Does Your Microgrid Have Enough Computing Power?

Aug. 30, 2019
Microgrids need to have enough computing power to to operate even if a facility is experiencing connectivity issues, explains says Joseph Gottlieb, CTO of Rhombus Energy. His company builds software to meet this need.

Microgrids need to have enough computing power to operate even if a facility is experiencing connectivity issues, says Joseph Gottlieb, CTO of Rhombus Energy. His company builds software to meet this need. “It’s a booming business,” he says in an interview with Elisa Wood, editor-in-chief of Microgrid Knowledge at Microgrid 2019.

Rhombus Energy, based in San Diego, builds microgrid components, including power converters and software that’s critical for operating microgrids.

Microgrid Knowledge’s Wood started a recent conversation with the company’s CTO by touching on edge computing — the Rhombus executive had a lot to say on the topic, and how it relates to microgrid computing power.

According to Gottlieb, it’s key to make sure the microgrid unit has enough power, so that if it loses communication with it’s operator or larger grid, it can still function as a microgrid in island mode.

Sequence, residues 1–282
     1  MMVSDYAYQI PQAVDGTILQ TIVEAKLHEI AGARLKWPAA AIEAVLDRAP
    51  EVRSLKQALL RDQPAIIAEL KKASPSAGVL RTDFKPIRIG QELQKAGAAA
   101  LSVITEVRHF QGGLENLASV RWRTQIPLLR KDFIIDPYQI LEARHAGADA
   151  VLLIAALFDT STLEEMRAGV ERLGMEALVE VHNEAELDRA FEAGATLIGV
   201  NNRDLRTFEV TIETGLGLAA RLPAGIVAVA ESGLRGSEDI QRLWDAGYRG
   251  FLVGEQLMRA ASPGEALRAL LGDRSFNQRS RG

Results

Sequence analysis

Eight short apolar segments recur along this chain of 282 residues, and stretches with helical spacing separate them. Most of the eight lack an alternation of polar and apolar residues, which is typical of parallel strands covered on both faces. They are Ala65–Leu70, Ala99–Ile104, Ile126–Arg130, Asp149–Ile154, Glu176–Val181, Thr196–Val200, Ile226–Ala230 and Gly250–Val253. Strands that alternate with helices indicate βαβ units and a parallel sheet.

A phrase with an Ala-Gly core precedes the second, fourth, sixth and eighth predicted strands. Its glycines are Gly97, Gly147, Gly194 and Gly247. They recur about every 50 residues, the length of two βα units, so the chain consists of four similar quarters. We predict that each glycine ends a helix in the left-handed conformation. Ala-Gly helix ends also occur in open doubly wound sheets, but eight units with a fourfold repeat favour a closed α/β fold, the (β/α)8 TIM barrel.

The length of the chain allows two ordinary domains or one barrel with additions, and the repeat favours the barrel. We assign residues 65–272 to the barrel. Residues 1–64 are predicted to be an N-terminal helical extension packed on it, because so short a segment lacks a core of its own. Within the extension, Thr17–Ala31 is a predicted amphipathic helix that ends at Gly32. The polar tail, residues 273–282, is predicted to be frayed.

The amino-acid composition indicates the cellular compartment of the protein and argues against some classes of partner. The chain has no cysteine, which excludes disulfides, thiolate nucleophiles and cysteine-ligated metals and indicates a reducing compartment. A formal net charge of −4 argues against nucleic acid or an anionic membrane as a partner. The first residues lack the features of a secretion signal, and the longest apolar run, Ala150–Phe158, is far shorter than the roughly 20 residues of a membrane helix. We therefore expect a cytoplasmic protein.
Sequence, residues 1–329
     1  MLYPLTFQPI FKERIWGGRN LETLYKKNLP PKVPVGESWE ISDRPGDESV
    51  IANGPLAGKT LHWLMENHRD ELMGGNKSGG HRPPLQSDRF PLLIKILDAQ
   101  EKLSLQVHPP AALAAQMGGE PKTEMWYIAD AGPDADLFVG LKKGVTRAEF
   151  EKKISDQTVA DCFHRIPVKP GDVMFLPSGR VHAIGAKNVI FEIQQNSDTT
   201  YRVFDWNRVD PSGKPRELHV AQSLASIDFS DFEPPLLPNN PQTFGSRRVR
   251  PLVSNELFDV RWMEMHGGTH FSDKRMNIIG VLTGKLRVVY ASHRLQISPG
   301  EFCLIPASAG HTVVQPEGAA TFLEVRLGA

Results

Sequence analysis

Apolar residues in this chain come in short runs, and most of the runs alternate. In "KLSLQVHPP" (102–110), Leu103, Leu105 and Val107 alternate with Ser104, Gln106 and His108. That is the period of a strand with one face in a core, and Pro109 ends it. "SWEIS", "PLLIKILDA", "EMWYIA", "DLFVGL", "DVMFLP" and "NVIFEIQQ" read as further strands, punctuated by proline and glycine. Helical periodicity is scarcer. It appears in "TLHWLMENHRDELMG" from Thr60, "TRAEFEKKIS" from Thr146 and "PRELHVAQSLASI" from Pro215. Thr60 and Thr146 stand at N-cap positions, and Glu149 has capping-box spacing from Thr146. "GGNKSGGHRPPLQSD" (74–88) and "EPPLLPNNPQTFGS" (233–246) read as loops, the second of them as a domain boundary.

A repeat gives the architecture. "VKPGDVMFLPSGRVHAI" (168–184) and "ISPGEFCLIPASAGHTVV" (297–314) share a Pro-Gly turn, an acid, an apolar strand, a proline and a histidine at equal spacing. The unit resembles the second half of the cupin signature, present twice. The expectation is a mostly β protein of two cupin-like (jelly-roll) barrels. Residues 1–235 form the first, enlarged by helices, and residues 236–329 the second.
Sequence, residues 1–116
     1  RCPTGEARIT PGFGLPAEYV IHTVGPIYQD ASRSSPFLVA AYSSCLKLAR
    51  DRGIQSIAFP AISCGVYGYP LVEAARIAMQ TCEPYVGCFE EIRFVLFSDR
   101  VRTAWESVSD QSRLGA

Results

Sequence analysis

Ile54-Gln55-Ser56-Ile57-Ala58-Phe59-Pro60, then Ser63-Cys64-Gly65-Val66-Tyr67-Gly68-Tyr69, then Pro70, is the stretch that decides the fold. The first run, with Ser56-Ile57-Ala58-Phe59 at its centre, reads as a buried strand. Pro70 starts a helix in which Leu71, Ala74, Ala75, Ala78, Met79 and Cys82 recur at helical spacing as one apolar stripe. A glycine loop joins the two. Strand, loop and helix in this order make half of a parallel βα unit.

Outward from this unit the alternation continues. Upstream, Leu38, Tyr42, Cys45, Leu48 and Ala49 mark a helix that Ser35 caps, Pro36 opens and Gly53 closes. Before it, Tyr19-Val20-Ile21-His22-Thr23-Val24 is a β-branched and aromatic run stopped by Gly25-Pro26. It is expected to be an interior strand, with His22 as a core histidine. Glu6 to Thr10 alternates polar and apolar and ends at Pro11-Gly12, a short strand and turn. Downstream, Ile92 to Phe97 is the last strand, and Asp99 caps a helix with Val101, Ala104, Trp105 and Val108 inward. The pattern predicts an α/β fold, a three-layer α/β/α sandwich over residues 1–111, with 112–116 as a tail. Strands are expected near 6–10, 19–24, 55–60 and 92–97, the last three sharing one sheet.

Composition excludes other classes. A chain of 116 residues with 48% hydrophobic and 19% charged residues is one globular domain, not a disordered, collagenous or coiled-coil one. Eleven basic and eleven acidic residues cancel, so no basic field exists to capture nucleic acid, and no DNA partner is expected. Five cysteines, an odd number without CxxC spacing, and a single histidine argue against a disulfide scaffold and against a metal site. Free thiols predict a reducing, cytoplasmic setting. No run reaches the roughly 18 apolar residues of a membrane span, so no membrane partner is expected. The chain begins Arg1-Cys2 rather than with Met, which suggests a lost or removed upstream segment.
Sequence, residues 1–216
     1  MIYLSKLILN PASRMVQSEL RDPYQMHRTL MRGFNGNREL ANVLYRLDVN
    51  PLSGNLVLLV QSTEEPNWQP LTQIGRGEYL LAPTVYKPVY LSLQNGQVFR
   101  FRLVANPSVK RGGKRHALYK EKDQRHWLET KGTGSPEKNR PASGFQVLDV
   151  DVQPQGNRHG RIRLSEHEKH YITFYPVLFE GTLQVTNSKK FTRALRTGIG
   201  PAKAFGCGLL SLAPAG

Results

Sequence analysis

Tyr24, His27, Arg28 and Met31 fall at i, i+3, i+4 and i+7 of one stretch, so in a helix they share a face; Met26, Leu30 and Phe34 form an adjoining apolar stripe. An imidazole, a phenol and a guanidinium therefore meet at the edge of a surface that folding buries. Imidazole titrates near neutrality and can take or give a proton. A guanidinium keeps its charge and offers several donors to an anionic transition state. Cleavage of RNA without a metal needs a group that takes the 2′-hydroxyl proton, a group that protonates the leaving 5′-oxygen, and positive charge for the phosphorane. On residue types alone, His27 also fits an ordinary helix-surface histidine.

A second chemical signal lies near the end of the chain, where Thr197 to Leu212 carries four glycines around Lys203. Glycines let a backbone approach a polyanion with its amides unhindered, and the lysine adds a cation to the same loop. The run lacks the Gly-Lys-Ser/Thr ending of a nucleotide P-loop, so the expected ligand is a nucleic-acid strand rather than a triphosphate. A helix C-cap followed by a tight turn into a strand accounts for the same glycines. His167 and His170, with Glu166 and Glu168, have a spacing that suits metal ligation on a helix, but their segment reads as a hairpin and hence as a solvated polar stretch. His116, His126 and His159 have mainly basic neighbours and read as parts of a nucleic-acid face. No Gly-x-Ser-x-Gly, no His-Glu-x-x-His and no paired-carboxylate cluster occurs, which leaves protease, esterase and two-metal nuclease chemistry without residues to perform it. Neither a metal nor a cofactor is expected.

“Edge computing is having the ability to have enough computing processing resources, like memory, storage, and computing power to be able to process microgrid functionality,” he explained.

The Rhombus exec even went so far as to call central communications systems “invalid” because they inherently have a single point of failure.

“…Your Amazon Alexa doesn’t work without connection to the cloud; a microgrid still has to be able to operate, no matter what connectivity it has,” Gottlieb said. “So Rhomus Energy puts enough computing power inside the units, so no matter what the environment is for that communication component, the units will still operate and still be able to get power.”

So, who is this type of redundancy particularly important for?

Military complexes, for one. A  base has to perform no matter what the conditions, and it can’t rely solely on communication links. He also named hospitals, emergency operating centers and data centers, as well as  “regular buildings that are starting to put more and more resiliency and redundancy and back-up power into their systems,” according to Gottlieb.

Listen to the full interview above.
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About the Author

Sarah Rubenoff

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